Smash your Debt like a Pinata

Smash your Debt like a Pinata

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A beach full of giant dead jellyfish; a man in a suit gingerly climbing a banyan tree worrying about risk management; a slab of slate saturated with poison from a rose; muscular men incessantly cleaning their fleet of Lamborghinis; liquidity itself in molecular form.

 

These are some of the visions that Cassie Thornton coaxed from the imaginations of investment bankers, corporate lawyers, hedge-fund managers and other financial professionals as part of a one-month residency at Miami’s Cannonball Centre for the Arts. Extending her signature technique of conducting hypnotic visualizations with those who owe, Thornton turned her attention to the enablers of the debt system, solicited through Cannonball’s wealthy Board of Directors, travelling to their offices or mansions and recording and transcribing their hallucinations.

Drawing on this collection of images and visions, Thornton led creative workshops with some of those most punished by Miami’s financialized economy including low-income teenagers in a summer program and residents of a local womens’ shelter. Together, they experimented with creating piñatas, a process the artist continued in Cannonball’s store-front gallery space, inviting the public to help her make financiers’ dreams into reality. The final piñatas were filled with the material traces of finance capital’s violent transformation of Miami: rubble from the site of a demolished tenement soon to become a luxury complex; banyan tree leaves from outside the courthouse where foreclosures are filed; soil from the juvenile detention facility; and Cuban espresso cups and drink umbrellas.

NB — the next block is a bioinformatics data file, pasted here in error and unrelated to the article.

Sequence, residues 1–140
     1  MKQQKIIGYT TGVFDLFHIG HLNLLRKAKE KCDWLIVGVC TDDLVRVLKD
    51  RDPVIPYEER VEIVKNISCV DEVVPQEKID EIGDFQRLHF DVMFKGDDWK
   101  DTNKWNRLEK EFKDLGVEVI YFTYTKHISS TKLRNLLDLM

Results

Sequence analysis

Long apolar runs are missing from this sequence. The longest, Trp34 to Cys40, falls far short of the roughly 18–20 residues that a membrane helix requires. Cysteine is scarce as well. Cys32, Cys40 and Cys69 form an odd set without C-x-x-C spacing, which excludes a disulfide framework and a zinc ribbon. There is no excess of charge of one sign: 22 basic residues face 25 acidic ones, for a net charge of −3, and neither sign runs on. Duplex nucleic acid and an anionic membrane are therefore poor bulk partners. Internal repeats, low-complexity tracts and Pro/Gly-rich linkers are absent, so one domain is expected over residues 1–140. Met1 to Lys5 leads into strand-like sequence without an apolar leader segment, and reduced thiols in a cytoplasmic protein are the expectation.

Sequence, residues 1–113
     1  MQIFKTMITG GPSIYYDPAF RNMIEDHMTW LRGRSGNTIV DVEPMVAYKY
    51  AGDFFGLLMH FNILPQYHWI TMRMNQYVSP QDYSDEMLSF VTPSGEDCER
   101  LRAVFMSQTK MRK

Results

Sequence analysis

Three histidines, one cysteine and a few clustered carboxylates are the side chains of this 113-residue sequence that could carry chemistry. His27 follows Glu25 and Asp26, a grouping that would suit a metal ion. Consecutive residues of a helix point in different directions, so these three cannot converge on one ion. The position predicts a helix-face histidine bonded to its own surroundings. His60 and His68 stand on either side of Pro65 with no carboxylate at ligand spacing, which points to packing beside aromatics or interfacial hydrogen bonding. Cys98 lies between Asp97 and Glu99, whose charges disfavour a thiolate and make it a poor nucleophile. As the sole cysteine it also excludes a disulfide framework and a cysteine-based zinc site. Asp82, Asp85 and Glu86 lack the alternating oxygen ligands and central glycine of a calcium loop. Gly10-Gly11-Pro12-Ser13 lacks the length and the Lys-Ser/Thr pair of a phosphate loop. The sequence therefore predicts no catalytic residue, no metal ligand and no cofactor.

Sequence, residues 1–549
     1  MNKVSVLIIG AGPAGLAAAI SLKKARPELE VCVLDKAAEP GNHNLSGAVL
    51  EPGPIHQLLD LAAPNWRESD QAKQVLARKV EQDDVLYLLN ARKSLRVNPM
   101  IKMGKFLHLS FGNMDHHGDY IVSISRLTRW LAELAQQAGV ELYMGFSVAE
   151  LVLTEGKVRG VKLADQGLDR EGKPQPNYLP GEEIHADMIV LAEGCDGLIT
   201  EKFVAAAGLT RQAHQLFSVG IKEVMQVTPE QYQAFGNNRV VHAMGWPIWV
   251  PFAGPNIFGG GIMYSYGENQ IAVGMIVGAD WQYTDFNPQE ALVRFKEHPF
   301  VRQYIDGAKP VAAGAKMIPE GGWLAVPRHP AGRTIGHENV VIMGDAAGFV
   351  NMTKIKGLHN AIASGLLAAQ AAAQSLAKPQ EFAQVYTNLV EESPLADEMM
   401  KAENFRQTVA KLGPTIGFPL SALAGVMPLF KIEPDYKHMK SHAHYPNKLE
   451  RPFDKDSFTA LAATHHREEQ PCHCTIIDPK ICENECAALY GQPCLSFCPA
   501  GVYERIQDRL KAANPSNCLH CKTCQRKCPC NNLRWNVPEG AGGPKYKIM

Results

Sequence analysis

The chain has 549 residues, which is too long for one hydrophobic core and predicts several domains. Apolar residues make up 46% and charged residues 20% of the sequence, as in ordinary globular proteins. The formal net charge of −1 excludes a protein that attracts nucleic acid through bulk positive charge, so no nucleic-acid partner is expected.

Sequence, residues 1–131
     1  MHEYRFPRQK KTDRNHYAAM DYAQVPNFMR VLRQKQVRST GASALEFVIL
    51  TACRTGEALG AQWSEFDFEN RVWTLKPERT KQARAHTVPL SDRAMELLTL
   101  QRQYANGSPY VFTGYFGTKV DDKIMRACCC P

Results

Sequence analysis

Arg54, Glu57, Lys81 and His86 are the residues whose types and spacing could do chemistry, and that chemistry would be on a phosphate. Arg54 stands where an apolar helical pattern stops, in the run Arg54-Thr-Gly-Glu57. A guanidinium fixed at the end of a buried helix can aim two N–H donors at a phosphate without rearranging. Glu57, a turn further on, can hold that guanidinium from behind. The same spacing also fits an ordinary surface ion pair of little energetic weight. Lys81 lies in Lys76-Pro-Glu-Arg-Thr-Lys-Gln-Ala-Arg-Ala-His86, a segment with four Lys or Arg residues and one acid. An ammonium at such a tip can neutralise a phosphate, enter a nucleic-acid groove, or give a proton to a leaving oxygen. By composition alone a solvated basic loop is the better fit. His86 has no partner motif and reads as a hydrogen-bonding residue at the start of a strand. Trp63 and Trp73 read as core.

When all was ready, Cassie invited both the finance workers and other participants to a lecture on the nature of debt, followed by a collective debt visualization. Tension built as the functionaries and the victims of the debt economy reported their visions to one another. Then, with ABBA’s Money, Money, Money playing, participants found sticks hidden about the gallery and destroyed the piñatas together, allowing the detritus to rain down. Before leaving, participants collected the rubble in the cups and took them home as reminders of the experience. The residual debris remained in the gallery throughout the rest of the show.

In working with the visions of the powerful “other side” of the debt economy, Thornton sought to discover and showcase how financialization affects the imaginations even of its most privileged functionaries, discovering a landscape of fear, confusion, anxiety, broken dreams and fraught anticipation. Without losing site of the extreme differences in power and wealth, Thornton explored the common impacts of debt on the imagination, and the unlikely possibility for solidarity.


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